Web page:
Travel Diary: Jaipur
With quarantine blanketing our daily lives, it seems a lifetime away since any holidays or trips. In the midst of Covid-19, a reflection of my trip to India is what seems to be taking over my mind and what better way to document that journey than to share it with you lovely lot.
Having not been to the motherland in over 10 years, my recent trip was my first visit back as an adult. Having travelled to Punjab and Rajasthan, I will be particularly reflecting on my time in Rajasthan, Jaipur. This was a trip with my parents and two aunties…
As we drove into Jaipur, I was under the impression that the ‘Pink City’ would not be so literally pink. It was magnificent! In the late 19th century, Maharaja Ram Singh of Jaipur had the whole city painted pink in order to celebrate the arrival of Prince Albert. Every building and wall are still to this day maintained and thrives as a pink hub.
Our hotel was called the Golden Tulip. On arrival the entrance seemed grimy and I’m not going to lie I was a bit worried, however, once our driver passed through the car tunnel the actual hotel entrance was a calming contrast to the street on the other side (phew!). We were greeted by the politest staff and throughout the stay they were fantastic. The hospitality industry in India never fails to impress and the staff in Jaipur were no different- not many people would put up with the number of pictures I made these guys take of me!
CITY PALACE: hoping the Prince will stumble upon me being candid as hell…
Our 4 days in Jaipur were overflowing in history and food and we were lucky enough to have a driver who bought the honesty of a true Punjabi to Jaipur. Following the 8-hour drive from Punjab to Jaipur, we went straight to the hotel restaurant which filled our bellies, ready for the epic sleep that would prepare us for the next day.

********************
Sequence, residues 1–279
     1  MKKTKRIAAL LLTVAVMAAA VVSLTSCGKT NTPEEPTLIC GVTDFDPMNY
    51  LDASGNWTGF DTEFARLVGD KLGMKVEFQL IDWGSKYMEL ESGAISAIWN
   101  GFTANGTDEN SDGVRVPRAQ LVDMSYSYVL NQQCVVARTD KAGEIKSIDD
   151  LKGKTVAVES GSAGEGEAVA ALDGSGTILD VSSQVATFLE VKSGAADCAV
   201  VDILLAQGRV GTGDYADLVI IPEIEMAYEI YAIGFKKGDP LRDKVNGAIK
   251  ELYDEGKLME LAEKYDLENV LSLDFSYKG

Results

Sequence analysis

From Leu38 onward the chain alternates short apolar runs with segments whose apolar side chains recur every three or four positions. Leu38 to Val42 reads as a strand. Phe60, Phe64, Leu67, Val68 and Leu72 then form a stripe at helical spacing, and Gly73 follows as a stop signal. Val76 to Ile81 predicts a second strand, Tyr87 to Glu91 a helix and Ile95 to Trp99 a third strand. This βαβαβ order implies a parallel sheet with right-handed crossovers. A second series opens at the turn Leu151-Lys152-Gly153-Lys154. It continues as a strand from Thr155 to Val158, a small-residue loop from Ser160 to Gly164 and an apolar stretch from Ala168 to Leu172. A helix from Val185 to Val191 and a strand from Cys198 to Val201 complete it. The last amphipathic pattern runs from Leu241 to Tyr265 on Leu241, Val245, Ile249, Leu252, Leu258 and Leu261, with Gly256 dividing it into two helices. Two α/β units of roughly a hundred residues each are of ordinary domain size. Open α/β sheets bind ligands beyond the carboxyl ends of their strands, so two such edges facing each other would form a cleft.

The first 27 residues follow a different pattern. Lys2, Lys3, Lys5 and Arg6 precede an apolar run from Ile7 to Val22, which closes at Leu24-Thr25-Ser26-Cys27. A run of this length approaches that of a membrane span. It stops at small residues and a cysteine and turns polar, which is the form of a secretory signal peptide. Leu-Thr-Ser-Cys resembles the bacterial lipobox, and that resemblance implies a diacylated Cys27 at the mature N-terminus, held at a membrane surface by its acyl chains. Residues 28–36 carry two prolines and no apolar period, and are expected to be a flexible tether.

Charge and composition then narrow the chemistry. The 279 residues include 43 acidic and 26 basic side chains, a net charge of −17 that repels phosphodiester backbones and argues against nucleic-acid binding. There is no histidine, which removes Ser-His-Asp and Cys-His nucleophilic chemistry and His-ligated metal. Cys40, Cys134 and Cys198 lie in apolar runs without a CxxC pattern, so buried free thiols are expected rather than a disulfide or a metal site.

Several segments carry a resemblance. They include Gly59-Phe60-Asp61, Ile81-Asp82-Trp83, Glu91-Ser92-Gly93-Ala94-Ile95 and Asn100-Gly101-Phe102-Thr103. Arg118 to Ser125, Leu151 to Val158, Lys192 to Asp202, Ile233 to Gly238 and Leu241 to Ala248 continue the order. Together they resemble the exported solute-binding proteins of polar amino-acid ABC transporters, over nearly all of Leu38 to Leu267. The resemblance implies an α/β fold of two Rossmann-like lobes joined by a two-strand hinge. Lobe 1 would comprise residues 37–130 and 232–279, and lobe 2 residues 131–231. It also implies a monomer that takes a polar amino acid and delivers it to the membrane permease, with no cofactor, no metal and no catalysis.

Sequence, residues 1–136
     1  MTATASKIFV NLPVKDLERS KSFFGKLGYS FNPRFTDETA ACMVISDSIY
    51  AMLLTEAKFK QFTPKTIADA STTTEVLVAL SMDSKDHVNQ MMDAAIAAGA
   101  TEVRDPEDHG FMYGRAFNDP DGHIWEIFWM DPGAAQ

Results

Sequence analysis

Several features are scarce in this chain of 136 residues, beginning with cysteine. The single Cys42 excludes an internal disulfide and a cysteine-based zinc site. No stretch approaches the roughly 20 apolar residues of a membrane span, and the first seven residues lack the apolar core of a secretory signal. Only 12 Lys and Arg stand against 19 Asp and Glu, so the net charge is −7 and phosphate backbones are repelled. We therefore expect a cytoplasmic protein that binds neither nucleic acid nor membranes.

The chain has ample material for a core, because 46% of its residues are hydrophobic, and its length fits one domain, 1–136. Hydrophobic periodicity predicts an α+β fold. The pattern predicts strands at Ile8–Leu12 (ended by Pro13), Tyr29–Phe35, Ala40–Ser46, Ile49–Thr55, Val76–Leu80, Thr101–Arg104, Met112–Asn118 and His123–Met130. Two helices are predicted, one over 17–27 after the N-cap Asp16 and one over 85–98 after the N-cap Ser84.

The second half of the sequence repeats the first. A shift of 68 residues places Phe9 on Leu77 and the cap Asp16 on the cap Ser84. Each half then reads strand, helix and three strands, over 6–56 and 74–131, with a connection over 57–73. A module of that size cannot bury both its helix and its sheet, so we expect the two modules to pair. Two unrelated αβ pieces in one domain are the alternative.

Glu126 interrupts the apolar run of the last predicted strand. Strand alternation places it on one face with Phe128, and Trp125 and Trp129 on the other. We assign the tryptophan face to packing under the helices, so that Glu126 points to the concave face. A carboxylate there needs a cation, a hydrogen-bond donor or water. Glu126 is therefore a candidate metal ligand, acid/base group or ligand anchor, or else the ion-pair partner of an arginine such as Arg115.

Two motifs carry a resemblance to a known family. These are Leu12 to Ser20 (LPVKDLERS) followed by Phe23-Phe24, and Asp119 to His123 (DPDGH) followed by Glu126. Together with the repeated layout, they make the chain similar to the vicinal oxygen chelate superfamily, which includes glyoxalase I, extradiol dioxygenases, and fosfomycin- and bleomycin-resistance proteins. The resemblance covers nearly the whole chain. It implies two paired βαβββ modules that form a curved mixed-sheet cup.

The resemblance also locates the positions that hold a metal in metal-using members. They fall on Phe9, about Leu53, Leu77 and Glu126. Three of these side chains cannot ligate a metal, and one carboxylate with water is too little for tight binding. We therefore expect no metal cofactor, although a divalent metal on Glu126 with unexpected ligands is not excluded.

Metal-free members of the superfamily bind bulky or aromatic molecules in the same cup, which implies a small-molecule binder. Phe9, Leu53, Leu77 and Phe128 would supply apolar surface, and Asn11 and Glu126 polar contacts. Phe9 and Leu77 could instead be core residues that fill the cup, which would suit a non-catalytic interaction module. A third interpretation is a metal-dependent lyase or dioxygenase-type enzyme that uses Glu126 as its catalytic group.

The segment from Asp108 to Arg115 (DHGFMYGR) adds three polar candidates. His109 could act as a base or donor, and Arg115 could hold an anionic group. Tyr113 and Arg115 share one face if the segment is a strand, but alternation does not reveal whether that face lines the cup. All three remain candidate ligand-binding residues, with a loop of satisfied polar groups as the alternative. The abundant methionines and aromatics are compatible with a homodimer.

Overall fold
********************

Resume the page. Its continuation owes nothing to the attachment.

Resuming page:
The overall feel of Jaipur magnified with each and every sight, from the historic buildings to the traditional jewellers that made you feel like you were in Jodha Akbar (which I actually visited the palace of- *squeals). We found a Hindi speaking tour guide – literally came up to us in the middle of the road – who showed us the beauts of Jaipur and thank god that one of my auntie’s had exceptional Hindi speaking skills – because I butcher that ish.
I did have the pleasure of going to an elephant sanctuary, however, on reflection I’m not sure how much of a sanctuary it was. I still let the tourist in me take over and went on a short elephant ride, but next time I would definitely ask more questions about the care of the animals.
The Top 5 sites that I would recommend in Jaipur, signed sealed and delivered by myself would be:
- Amber Palace – This old school architecture will seriously blow your socks off. This palace was a military marvel as well as a representation of old Rajasthan.
- Hawa Mahal – Literally translates to Palace of Winds. I would come here at night to see the many windows light up. Back in the day, princesses could sit in here and look at parades down below without people being able to look in (major stalker set up I reckon).
- City Palace – This is home to the royal family, even today, and is a chance for you to learn more about Rajasthani monarchy and India’s interactions with Britain at the time.
- Rajmahal Palace – this gorgeous palace was one of my favourites, and not just because Bollywood movies were filmed here… The intricate designs and grandeur of this foundation made me feel separated from the built up word outside. Like I was inside a story, cringe I know, but it’s true.
- Jal Mahal – This palace floats in the middle of the Man Sagar Lake and because of the rising water level is not yet open to the public. It is rumoured that renovation means that the public may soon be able to visit inside in the next few years. For our trip, we gazed at the structure from the river side. I saw Jal Mahal at sunset and it was amazing, next time I would go at night when the Mahal is lit up.
Jaipur is definitely a must if you’re visiting India, and was a great first trip for to the state of Rajasthan. Can’t wait to go back and explore the rest of the state and, indeed, even more of India.
If you dare to dream of a post Covid-19 holiday: